Edith Storey was one of the most popular stars of the 1910s and When the Tables Turned was one of many short films that built her career and made her a pioneer American movie star. She plays an actress on vacation who is kidnapped by a band of prankster cowboys and, you guessed it, she turns the tables.
Home Media Availability: Released via streaming.
They’re coming to take me away…
This may seem obvious on the surface but it’s worth repeating… All actors are more appealing in motion, it’s kind of their thing, but with silent stars, it is essential to see them act in order to understand their appeal. Florence Lawrence, for example, looks pretty in stills but on the screen, she is lively, warm and appealing in ways still photography just cannot capture.
Edith Storey hit her peak of fame a few years after Lawrence and is probably best known for A Florida Enchantment but that picture is sought out for its subject matter rather than its cast. Storey herself remains obscure compared to, say, frequent co-star Antonio Moreno. This is likely due in part to the fact that she retired from pictures in 1921—silent film study remains firmly fixated on the 1920s with a few notable exceptions.
I was curious about Storey because she was praised to the skies in contemporary reviews but photos didn’t really convey what was so special about her. Well, it’s high time to take a dive into her work. When the Tables Turned was made by the American branch of the Méliès film company and was made early in her career; Storey was just nineteen.
The available version of this picture— and, it seems, all surviving versions—are missing the opening scenes but the story is explained via title cards. Storey plays Ethel Kirby, a stage star who decides to give herself a vacation and chooses Lariat, Texas as her random destination. On the train, she meets a native of Lariat named Florence and they get along famously. Florence has written home and complained that the Lariat cowboys have lost their pepper and are incredibly boring.
The local cowpokes see the letter and decide to prank Florence with a fake kidnapping. You guessed it, they grab the wrong woman. Ethel is terrified at first but soon sees that it’s all a joke and decides to engage in some pranking of her own. She pretends to have been driven mad by the abduction and uses her skills as an actress to terrorize her abductors, stealing a pistol and forcing them to entertain her with song and dance and animal impressions. One of the cowboys flees in terror and runs to get help. Florence, who has just arrived safe and sound, takes matters into her own hands to save the boys from their own folly.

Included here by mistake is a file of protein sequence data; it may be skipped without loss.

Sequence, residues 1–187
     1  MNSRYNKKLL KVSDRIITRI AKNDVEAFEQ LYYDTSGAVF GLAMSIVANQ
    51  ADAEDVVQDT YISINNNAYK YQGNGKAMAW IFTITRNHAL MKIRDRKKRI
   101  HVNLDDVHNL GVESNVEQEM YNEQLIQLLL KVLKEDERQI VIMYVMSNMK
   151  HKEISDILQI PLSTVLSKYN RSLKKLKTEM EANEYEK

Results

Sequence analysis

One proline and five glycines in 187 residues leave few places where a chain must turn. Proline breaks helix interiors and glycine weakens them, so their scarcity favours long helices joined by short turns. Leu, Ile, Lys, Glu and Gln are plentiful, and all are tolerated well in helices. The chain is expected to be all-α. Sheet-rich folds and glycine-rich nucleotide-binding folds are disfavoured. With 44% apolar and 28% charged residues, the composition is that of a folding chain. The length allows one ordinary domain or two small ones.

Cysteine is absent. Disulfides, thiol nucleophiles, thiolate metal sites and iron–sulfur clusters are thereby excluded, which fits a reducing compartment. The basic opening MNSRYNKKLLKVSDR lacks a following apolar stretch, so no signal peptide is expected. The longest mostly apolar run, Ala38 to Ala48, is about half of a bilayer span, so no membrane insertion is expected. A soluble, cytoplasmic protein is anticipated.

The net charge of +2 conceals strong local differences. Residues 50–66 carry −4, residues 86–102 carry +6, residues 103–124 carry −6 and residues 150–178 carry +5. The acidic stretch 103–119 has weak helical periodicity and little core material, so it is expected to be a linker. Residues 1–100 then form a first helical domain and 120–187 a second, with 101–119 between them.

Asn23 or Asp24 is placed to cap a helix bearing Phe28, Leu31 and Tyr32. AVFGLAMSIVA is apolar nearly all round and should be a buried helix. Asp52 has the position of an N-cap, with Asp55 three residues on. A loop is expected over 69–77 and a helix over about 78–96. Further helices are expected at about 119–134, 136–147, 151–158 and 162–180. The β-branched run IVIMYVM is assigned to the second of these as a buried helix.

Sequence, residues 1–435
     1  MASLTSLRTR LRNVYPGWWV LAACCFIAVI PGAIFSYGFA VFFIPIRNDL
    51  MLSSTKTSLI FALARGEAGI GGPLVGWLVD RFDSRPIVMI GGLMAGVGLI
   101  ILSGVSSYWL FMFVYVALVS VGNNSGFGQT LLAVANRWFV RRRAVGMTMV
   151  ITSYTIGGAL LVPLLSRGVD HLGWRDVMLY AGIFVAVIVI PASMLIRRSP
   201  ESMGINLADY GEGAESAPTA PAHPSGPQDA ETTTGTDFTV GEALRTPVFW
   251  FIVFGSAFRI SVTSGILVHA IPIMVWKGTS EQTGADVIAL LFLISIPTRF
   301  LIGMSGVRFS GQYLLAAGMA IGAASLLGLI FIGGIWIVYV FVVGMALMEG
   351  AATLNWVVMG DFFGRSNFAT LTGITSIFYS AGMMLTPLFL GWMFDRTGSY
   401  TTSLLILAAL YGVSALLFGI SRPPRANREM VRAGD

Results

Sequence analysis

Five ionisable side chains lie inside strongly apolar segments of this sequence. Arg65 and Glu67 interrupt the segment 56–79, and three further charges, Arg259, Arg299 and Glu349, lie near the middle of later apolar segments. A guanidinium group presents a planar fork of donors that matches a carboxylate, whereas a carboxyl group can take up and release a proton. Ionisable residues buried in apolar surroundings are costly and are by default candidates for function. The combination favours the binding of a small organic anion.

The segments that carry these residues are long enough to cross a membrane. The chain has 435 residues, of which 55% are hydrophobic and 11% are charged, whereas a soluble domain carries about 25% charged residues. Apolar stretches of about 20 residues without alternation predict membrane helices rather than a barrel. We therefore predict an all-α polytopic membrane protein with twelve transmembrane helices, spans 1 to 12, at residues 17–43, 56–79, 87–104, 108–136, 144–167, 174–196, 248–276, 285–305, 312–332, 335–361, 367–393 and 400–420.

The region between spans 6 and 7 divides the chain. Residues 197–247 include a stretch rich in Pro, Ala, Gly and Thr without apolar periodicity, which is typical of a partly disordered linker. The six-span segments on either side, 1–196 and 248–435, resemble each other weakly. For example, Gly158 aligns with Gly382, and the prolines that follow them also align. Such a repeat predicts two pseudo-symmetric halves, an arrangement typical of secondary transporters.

Feigning madness as a form of self-defense is, of course, as old as the concept of mental health and accounts of it are found in both ancient religious and mythological sources. Further, people suffering from mental illness were a reasonably popular bogeyman in popular entertainment of the time (they were kind of the killer clowns of the day), so the plan was a good one considering the context.
And now, the verdict on Edith Storey is… I LOVE HER! She’s just as cute as a button. Lively, mischievous, committed to the central gag. Like most films of this period, narrative closeups and synchronous dialogue title cards (that is to say, dialogue cards that appear at the same time the line is being spoken onscreen) are not used in When the Tables Turned, so Storey exaggerates her spoken dialogue in order to facilitate lipreading but this was considered appropriate and expected in films of the period.
Other than this understandable concession to the acting style of the period, Storey is natural and unaffected in her delivery. Her performance within a performance as a madwoman is winking and humorous and her more normal tomboy persona feels very modern and translates well considering that this film is very nearly eleven decades old at the time of this writing.
The rest of the cast is similarly engaging. The actress playing Florence is not listed in reviews of the period but she is natural and appealing as a no-nonsense character.
Westerns tend to be a dusty, male-centered genre and so it is fun to see one in which the ladies not only take the lead but finish everything up by making the cowpokes clean themselves up for a frilly tea party complete with petit fours—and the cowboys are perfectly happy with this turn of events. This is just one of many examples of early films seeming to break the rules because they were made before the rules were firmly established. I, for one, would welcome more frilly tea parties in our western motion pictures.
Note that the cowboys are specifically invited to a “pink tea party,” that is, a particularly formal affair demanding the very best manners. This term was already synonymous with starchy, demanding high society types and was used in slang of the period to mean same. A movie magazine published in 1912 referred to “the pink tea and silk stocking brigade” as opposing the motion picture industry. So, this invitation would be seen as playful teasing at the time, though the cowboys take it in stride and eagerly wash up for this new-fangled, high-falutin’ social affair.
I should mention that the Méliès producing this picture was not Georges but his brother, Gaston. Gaston Méliès produced films in Texas and California during this period before selling out to Vitagraph. Storey, of course, thrived at Vitagraph and her popularity continued to grow through the 1910s decade.
When the Tables Turned is a charming western comedy with a welcome sprinkling of femininity and an appealing lead. If you’ve never seen Edith Storey act in a motion picture but are curious to see what film audiences of the day liked about her, this picture is a good showcase. And at around ten minutes, it’s a small investment of time for a rich reward.
Where can I see it?
Available for streaming and digital download from Harpodeon.
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